Approximately 2.1 million ex-offenders, who have served their sentences, are denied the right to vote in the United States. According to an ACLU study, 62,324 people with felony convictions in Wisconsin are not allowed to vote; however, 61% of these people are no longer incarcerated.
Wisconsin law states that ex-offenders are allowed to vote after they have completed their parole or probationary periods. During these periods, these citizens are being denied the right to vote even though they may be holding jobs, paying taxes, and attempting to become an active part of society again. The right to vote should not be denied to ex-offenders who are on probation/parole.
These individuals have served their time and thus their right to vote should be restored when they are deemed eligible to become part of society. By not allowing them to vote, we are hindering their ability to reinstate themselves as active members of the community.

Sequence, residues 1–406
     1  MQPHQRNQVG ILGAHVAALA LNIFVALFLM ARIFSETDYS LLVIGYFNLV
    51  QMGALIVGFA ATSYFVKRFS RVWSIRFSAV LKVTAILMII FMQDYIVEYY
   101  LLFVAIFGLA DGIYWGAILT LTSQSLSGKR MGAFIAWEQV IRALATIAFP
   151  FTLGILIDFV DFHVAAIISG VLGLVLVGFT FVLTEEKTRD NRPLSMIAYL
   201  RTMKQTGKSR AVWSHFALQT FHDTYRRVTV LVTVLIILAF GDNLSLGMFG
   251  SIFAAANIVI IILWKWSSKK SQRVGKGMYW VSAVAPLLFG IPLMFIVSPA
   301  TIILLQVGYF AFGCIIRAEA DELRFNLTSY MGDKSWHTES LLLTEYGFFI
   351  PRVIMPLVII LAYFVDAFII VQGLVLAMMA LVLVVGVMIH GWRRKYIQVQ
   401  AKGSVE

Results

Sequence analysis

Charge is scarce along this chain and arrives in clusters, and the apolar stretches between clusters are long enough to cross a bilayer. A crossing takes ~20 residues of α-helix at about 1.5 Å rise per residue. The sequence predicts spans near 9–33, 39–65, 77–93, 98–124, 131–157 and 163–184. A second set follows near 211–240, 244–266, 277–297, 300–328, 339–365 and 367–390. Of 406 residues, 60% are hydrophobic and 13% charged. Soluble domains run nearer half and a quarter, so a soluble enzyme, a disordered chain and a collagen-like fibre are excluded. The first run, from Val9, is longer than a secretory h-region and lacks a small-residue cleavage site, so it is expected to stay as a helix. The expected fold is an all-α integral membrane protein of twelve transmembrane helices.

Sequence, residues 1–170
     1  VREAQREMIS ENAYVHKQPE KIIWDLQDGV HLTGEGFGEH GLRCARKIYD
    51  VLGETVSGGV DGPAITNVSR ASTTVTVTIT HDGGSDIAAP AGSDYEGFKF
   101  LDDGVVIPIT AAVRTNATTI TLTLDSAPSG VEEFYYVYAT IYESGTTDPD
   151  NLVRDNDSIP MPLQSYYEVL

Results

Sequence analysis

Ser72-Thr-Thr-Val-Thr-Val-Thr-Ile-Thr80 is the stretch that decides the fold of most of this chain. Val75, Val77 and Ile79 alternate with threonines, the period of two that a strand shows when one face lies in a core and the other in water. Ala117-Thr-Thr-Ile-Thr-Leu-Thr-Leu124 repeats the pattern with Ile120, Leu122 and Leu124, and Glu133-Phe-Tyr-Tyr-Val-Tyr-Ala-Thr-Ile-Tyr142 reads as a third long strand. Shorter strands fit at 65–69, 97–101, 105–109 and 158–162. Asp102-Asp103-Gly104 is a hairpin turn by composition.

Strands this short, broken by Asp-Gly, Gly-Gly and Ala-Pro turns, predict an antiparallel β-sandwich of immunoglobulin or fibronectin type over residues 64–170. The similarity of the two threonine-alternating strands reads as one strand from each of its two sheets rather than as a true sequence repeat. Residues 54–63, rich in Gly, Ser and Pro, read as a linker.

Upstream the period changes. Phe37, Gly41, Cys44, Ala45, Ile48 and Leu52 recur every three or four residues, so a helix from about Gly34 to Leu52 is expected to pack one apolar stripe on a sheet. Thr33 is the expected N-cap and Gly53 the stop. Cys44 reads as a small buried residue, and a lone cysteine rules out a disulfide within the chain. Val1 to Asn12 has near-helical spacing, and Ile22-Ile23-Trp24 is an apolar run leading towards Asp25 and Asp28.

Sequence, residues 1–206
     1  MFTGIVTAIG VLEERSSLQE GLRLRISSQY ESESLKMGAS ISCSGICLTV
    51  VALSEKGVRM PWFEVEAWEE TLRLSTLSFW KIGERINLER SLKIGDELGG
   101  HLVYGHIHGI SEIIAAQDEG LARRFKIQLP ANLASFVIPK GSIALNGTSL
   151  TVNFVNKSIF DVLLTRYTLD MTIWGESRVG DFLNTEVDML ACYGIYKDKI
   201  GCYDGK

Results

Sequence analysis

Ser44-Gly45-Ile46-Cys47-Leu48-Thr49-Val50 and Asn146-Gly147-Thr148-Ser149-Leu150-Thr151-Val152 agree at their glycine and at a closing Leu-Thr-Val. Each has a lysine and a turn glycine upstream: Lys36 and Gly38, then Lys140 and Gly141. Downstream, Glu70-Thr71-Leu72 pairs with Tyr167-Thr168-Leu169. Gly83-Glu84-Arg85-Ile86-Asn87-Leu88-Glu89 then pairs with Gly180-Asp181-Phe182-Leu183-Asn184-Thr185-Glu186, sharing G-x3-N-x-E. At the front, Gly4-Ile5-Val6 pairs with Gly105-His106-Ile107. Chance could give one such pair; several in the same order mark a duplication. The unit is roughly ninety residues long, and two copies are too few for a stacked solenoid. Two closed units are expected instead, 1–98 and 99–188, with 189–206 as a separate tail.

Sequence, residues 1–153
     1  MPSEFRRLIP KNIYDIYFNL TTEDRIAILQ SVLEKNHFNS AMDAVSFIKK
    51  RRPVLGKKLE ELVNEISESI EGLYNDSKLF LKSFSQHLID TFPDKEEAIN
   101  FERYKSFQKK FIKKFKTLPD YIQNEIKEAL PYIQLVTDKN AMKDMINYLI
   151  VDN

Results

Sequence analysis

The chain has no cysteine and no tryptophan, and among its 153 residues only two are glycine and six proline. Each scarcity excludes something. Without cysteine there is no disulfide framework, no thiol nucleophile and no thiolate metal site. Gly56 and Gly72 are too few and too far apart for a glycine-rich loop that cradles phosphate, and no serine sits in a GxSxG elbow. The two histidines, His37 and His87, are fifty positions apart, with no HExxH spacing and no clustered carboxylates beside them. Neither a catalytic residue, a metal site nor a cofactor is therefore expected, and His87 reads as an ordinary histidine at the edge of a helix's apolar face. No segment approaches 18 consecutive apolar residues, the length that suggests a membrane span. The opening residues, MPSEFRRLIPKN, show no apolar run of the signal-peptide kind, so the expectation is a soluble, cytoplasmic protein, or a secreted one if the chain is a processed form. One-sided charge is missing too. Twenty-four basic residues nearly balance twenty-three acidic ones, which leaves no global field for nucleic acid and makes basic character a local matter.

This disenfranchisement also disproportionately affects African American males and other minority populations. An ACLU study found that one out of nine African Americans males are disenfranchised because of Wisconsin’s ex-offender laws. This statistic places Wisconsin 11th in the nation for the disenfranchisement of African American voters. While ex-offender disenfranchisement has a negative effect on all parolees/probationers it is adversely affecting one minority portion of Wisconsin’s population.
According to Senator Russ Feingold, ‘’¦the more doors we close on people trying to rejoin society, the more likely it is we will drive them back to the behaviors we want them to leave behind.’
The ultimate intent of incarceration is social reform. Therefore, if we deny ex-offenders the fundamental right to vote we impede their ability to become members of the community again.